Precise starlight positions near the sun were measured during the 21 August 2017 total solar eclipse in order to measure their gravitational deflections. The equipment, procedures, and analysis are described in detail. A portable refractor, a CCD camera, and a computerized mount were set up in Wyoming. Detailed calibrations were necessary to improve accuracy and precision. Nighttime measurements taken just before the eclipse provided cubic optical distortion corrections. Calibrations based on star field images 7.4 deg on both sides of the sun taken during totality gave linear and quadratic plate constants. A total of 45 images of the sky surrounding the Sun were acquired during the middle part of totality, with an integrated exposure of 22 seconds. The deflection analysis depended on accurate star positions from the USNO's UCAC5 star catalog. The final result was a deflection coefficient L = 1.752 arcsec, compared to the theoretical value of L = 1.751 arcsec, with an uncertainty of only 3%.
...
The recent 21 August 2017 total solar eclipse across the United States provided a convenient opportunity to repeat this experiment. This paper reports successful starlight deflection measurements performed in Wyoming using high quality amateur astronomical equipment. The final results show the most precise and accurate measurements of this kind ever reported.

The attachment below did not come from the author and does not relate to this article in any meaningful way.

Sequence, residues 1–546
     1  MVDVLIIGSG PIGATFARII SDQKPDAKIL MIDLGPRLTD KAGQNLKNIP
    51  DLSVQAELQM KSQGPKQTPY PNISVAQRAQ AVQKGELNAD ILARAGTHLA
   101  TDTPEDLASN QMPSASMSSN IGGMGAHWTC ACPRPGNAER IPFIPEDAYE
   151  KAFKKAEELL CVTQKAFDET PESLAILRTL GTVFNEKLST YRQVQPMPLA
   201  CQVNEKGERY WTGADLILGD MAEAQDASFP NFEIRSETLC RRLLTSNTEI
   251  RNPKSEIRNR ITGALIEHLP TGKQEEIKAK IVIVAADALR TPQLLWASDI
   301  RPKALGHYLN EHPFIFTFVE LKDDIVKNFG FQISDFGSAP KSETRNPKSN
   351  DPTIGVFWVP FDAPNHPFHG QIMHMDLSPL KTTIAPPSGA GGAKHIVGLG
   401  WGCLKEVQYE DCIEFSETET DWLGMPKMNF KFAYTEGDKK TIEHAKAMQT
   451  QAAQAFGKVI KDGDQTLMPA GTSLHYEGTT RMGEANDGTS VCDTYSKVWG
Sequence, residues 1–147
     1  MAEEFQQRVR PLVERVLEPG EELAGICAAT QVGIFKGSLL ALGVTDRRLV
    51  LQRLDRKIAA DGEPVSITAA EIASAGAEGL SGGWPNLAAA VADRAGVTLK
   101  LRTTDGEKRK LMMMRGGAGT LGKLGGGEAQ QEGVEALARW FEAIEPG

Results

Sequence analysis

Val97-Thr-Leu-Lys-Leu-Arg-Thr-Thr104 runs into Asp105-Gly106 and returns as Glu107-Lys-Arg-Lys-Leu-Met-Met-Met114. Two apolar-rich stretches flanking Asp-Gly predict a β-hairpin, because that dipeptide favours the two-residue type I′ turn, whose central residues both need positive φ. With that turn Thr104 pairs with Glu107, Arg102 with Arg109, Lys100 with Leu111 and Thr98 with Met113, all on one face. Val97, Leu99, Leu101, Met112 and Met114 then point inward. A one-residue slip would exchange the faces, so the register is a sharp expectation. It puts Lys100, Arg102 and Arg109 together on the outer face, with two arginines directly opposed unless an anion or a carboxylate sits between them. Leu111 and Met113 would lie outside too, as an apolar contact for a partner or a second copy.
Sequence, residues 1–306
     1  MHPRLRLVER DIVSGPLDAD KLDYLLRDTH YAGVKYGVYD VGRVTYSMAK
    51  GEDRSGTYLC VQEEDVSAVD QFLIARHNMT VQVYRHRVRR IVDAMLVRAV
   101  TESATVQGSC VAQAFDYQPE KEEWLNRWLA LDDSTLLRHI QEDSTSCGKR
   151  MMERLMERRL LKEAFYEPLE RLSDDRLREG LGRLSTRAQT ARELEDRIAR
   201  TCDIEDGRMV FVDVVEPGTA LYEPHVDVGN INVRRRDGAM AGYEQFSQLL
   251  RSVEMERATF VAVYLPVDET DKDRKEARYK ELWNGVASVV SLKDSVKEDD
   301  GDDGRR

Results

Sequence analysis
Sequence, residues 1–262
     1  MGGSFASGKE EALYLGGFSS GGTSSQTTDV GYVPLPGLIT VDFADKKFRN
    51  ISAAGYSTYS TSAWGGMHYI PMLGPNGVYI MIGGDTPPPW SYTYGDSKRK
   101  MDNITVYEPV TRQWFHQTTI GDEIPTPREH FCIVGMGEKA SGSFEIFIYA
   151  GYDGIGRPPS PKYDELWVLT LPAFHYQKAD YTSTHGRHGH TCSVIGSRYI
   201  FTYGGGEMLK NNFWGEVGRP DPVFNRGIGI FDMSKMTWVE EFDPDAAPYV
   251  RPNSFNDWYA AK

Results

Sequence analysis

Done with 100mm aperture (stopped down to 87mm), and 543mm focal length, (comparison images taken within 1 minute before and after totality) these results are 2x better that the best previous measurements made in the 60's and 70's when the best technology provided "large photographic plates (0.2 m to 0.45 m), long refractor telescopes (1.5 m to 8.5 m focal length), and comparison images taken with the same telescope a few months before or after the eclipse to determine non-perturbed star positions."

Nice work by Donald Bruns. The S&T article: A Picture-Perfect Solar Eclipse Experiment by D. Bruns is informative and an easy read.
https://en.wikipedia.org/wiki/Brun%27s_theorem wrote:
<<In number theory, Brun's theorem states that the sum of the reciprocals of the twin primes (pairs of prime numbers which differ by 2) converges to a finite value known as Brun's constant, usually denoted by B2 (sequence A065421 in the OEIS). Brun's theorem was proved by Viggo Brun in 1919, and it has historical importance in the introduction of sieve methods. In 2002 Pascal Sebah and Patrick Demichel used all twin primes up to 1016 to give the estimate:

B2 ≈ 1.902160583104 =

Art Neuendorffer